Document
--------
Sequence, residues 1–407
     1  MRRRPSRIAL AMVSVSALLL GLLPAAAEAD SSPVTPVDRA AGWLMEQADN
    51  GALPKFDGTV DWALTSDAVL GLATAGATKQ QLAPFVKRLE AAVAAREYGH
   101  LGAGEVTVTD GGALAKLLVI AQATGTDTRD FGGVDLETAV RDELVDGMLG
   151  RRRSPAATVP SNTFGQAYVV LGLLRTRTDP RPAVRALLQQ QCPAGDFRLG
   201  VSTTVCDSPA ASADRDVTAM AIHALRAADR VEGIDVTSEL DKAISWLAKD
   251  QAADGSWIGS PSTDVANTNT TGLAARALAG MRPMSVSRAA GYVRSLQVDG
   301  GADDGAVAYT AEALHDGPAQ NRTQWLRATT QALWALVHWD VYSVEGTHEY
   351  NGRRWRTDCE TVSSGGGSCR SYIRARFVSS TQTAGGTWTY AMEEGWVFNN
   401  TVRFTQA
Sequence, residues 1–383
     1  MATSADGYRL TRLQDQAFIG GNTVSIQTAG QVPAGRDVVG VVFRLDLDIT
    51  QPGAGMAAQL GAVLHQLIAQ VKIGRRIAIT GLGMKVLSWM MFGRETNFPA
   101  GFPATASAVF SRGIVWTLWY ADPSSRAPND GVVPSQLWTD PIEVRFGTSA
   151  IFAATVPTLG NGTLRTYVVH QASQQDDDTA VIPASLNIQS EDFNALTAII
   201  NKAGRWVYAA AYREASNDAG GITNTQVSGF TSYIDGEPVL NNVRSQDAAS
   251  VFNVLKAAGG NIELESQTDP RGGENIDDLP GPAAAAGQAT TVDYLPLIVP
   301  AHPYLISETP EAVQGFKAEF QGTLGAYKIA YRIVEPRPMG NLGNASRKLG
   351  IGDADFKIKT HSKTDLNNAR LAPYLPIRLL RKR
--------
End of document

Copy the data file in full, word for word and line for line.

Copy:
Sequence, residues 1–407
     1  MRRRPSRIAL AMVSVSALLL GLLPAAAEAD SSPVTPVDRA AGWLMEQADN
    51  GALPKFDGTV DWALTSDAVL GLATAGATKQ QLAPFVKRLE AAVAAREYGH
   101  LGAGEVTVTD GGALAKLLVI AQATGTDTRD FGGVDLETAV RDELVDGMLG
   151  RRRSPAATVP SNTFGQAYVV LGLLRTRTDP RPAVRALLQQ QCPAGDFRLG
   201  VSTTVCDSPA ASADRDVTAM AIHALRAADR VEGIDVTSEL DKAISWLAKD
   251  QAADGSWIGS PSTDVANTNT TGLAARALAG MRPMSVSRAA GYVRSLQVDG
   301  GADDGAVAYT AEALHDGPAQ NRTQWLRATT QALWALVHWD VYSVEGTHEY
   351  NGRRWRTDCE TVSSGGGSCR SYIRARFVSS TQTAGGTWTY AMEEGWVFNN
   401  TVRFTQA
Sequence, residues 1–383
     1  MATSADGYRL TRLQDQAFIG GNTVSIQTAG QVPAGRDVVG VVFRLDLDIT
    51  QPGAGMAAQL GAVLHQLIAQ VKIGRRIAIT GLGMKVLSWM MFGRETNFPA
   101  GFPATASAVF SRGIVWTLWY ADPSSRAPND GVVPSQLWTD PIEVRFGTSA
   151  IFAATVPTLG NGTLRTYVVH QASQQDDDTA VIPASLNIQS EDFNALTAII
   201  NKAGRWVYAA AYREASNDAG GITNTQVSGF TSYIDGEPVL NNVRSQDAAS
   251  VFNVLKAAGG NIELESQTDP RGGENIDDLP GPAAAAGQAT TVDYLPLIVP
   301  AHPYLISETP EAVQGFKAEF QGTLGAYKIA YRIVEPRPMG NLGNASRKLG
   351  IGDADFKIKT HSKTDLNNAR LAPYLPIRLL RKR